& La Fondazione
June 3–September 2020
As a preview to Stanley Whitney’s upcoming exhibition at Gagosian Rome later this year, the gallery is presenting the Bertacca paintings, produced in his studio near Parma, Italy. Whitney’s experiences in Italy, where he lived during the 1990s and where he maintains a working studio, remain a constant source of enrichment for his art. As a complementary project, each week La Fondazione is presenting the work of a contemporary Italian artist born in the 1980s or 1990s, visible to passersby through the building’s glass doors, daily from 6pm to 11am.
Stanley Whitney, Bertacca 2, 2019 © Stanley Whitney. Photo: Giorgio Benni
Ten years ago, on December 15, 2007, Larry Gagosian inaugurated his gallery in Rome, a 1920s bank converted by architects Firouz Galdo and Caruso St John, near the Spanish Steps, with the exhibition Cy Twombly: Three Notes From Salalah.
Photo: Luigi Filetici
April 15–21, 2020
Stanley Whitney has been deeply invested in chromatic experimentation throughout his career, but it was the experience of Italian art and architecture, both ancient and modern, that informed his unique understanding of the nuanced relationship between color and geometry. His highly dynamic abstract paintings unlock the grid, imbuing it with new and unexpected cadences of color, rhythm, and space. Deriving inspiration from sources as diverse as Sandro Botticelli and Piet Mondrian, free jazz and American quilt-making, Whitney composes in varying scales with vibrant blocks and bars that articulate a chromatic call-and-response within each canvas.
No to Prison Life
For his first public commission, Stanley Whitney used the H&R Block Artspace Project Wall at his alma mater, Kansas City Art Institute in Missouri, to display No to Prison Life (2019) from March 29, 2019 through January 31, 2020. Whitney’s Project Wall commission intentionally combined painting and handwritten text to register an urgent public protest against a US judicial system that promotes arrest, incarceration, and other forms of imprisonment that often further damage lives.
Stanley Whitney, No to Prison Life, 2019 © Stanley Whitney
Rudolf Polanszky: Reconstructions
Gagosian director Ealan Wingate describes his first visit to Rudolf Polansky’s studio outside Vienna and discusses the development of the artist’s practice—from his early works informed by the legacy of the Viennese Actionists to the Reconstructions, an ongoing body of assemblage-type wall works and sculptures.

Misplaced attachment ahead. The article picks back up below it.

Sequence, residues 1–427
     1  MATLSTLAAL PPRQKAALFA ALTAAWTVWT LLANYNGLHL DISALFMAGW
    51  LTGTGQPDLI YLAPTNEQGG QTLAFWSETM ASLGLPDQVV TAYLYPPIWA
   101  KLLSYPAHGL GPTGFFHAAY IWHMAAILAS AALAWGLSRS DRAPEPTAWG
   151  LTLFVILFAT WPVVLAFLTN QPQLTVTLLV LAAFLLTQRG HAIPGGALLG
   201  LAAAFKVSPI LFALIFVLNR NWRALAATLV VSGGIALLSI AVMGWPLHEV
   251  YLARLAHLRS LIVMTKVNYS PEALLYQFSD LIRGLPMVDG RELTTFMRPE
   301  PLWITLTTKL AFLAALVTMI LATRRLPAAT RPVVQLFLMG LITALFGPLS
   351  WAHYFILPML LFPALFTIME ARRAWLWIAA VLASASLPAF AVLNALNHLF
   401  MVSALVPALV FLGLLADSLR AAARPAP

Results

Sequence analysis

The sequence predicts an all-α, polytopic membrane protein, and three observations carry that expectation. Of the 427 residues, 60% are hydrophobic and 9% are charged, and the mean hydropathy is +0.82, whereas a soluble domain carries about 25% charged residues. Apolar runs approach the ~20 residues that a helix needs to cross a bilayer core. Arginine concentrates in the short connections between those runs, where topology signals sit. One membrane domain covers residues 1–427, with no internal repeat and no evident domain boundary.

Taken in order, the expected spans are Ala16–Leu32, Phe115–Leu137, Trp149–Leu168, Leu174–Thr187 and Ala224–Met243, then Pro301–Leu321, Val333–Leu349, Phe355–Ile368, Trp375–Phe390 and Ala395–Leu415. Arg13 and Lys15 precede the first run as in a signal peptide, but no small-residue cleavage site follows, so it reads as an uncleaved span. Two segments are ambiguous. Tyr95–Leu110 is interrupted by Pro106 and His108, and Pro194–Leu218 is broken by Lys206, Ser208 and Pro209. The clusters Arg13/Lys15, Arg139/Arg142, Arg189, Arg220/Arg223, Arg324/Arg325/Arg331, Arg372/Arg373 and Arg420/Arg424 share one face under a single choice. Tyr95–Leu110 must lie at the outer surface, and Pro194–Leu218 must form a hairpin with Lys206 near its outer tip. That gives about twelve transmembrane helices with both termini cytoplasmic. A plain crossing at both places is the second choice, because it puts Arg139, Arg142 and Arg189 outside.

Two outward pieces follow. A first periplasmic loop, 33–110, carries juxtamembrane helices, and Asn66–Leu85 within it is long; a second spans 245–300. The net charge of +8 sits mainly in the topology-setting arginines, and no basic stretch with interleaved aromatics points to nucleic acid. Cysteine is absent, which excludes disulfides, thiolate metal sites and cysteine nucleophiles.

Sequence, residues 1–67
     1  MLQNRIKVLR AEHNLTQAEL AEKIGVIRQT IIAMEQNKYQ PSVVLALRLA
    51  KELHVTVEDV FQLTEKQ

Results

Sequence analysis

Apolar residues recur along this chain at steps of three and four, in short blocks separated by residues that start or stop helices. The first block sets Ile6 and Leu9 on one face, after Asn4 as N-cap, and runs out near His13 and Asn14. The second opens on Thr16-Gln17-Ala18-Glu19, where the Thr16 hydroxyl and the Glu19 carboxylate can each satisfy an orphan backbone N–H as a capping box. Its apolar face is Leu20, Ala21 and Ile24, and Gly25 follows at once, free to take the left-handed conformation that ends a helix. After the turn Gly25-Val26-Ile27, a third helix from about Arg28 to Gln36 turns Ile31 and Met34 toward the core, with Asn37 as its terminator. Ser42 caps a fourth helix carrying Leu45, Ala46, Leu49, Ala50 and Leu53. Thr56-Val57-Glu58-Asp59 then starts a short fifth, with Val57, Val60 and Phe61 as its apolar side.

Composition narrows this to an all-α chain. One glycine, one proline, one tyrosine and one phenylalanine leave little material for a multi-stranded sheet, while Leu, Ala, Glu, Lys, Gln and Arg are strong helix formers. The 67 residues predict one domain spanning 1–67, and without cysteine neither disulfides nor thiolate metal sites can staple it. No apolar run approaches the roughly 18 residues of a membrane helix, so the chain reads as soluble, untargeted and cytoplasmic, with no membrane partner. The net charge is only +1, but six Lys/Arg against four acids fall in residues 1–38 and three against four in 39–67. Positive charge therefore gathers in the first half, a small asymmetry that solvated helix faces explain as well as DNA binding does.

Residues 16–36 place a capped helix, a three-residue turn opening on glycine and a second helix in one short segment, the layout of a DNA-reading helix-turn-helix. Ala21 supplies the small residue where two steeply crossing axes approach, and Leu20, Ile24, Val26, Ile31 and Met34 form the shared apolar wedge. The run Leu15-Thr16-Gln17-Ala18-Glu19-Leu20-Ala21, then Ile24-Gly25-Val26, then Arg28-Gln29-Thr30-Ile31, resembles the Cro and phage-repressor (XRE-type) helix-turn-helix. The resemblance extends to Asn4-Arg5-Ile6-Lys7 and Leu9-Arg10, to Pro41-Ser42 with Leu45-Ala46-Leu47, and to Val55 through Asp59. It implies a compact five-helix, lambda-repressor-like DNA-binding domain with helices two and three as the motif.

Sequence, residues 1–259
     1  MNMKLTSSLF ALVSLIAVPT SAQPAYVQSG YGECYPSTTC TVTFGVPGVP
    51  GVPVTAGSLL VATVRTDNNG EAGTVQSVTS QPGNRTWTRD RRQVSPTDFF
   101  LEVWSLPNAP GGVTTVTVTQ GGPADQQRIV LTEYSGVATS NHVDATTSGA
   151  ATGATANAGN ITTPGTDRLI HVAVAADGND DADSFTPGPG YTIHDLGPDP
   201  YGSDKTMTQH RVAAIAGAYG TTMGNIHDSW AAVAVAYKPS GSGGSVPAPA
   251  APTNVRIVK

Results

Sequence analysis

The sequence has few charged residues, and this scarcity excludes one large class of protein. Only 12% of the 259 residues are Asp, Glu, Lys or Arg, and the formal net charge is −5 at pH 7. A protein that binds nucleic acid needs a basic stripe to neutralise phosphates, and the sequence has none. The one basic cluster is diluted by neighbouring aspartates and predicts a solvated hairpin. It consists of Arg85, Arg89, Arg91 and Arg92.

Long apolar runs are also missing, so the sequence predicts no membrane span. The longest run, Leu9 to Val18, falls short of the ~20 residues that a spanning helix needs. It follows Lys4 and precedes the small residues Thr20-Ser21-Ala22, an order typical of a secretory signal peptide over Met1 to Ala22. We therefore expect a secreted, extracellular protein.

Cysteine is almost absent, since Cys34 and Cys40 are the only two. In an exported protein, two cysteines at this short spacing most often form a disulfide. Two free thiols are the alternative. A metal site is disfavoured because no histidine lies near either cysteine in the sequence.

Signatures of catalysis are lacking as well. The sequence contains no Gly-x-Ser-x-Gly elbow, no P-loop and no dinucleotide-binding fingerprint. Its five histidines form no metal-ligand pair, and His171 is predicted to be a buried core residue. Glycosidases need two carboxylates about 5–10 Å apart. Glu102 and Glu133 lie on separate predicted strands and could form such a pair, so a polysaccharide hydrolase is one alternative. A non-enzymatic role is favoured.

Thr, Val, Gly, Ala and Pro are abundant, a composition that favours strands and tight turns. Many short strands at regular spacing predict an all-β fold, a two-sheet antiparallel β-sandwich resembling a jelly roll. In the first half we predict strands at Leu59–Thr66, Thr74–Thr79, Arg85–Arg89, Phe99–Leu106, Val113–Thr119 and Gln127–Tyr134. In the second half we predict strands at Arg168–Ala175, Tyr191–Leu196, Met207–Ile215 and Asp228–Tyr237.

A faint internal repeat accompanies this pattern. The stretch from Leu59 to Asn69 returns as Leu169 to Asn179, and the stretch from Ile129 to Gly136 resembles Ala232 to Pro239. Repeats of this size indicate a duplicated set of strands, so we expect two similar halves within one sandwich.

Hans Ulrich Obrist visits the artist at his studio outside Vienna to discover more about the origins of his practice, his experiments in freedom, and the importance of drifting.
Urs Fischer: Lives of Forms
In his introduction to the catalogue for Urs Fischer’s exhibition The Lyrical and the Prosaic, at the Aïshti Foundation in Beirut, curator Massimiliano Gioni traces the material and conceptual tensions that reverberate throughout the artist’s paintings, sculptures, installations, and interventions.
Fruit and Vegetables: Francesco Bonami on Urs Fischer
Fruit and vegetables are a recurring motif in Urs Fischer’s visual vocabulary, introducing the dimension of time while elaborating on the art historical tradition of the vanitas. Here, curator Francesco Bonami traces this thread through the artist’s sculptures and paintings of the past two decades.
Gagosian Quarterly Summer 2020
The Summer 2020 issue of Gagosian Quarterly is now available, featuring Joan Jonas’s Mirror Piece 1 (1969) on its cover.
Rainer Maria Rilke: Duino Elegies
Bobbie Sheng explores the symbiotic relationship between the poet and visual artists of his time and tracks the enduring influence of his poetry on artists working today.
Five Books: Urs Fischer
Urs Fischer talks about reading during the pandemic lockdown, sharing five books—both fiction and nonfiction—that he has turned to while in self-isolation.
Mary Weatherford: Train Yards
Mary Weatherford speaks to Laura Hoptman about her new paintings, the Train Yard series. Begun in 2016, this body of work evokes the sights and sounds of railroads and night skies. The series will be shown for the first time in late 2020, in an exhibition at Gagosian, London.
The Bigger Picture
Gagosian’s Sarah Hoover sat down with Allison Freedman Weisberg, founder and executive director of Recess, and Anaïs Duplan, Recess program manager, to discuss the community arts organization’s evolution, recent programs, and dreams for the future.
Uncanny Delights: Sculpture by John Chamberlain, Urs Fischer, and Charles Ray
Catalyzed by the exhibition Crushed, Cast, Constructed: Sculpture by John Chamberlain, Urs Fischer, and Charles Ray, Alice Godwin examines the legacy and development of a Surrealist ethos in selected works from three contemporary sculptors.
Theaster Gates: Black Vessel
Join Theaster Gates in his studio as he prepares for his upcoming exhibition at Gagosian, New York, this fall. In this video, shot entirely on location in Chicago during the recent tumultuous weeks, Gates reflects on the metaphorical power of materials and process, and on the redemptive potential of art.
How to Renew the Color of Bricks
Social historian Chris Dingwall reflects on Theaster Gates’s engagement with the history of quotidian materials, focusing on the symbolic qualities and function of his brick-based sculpture.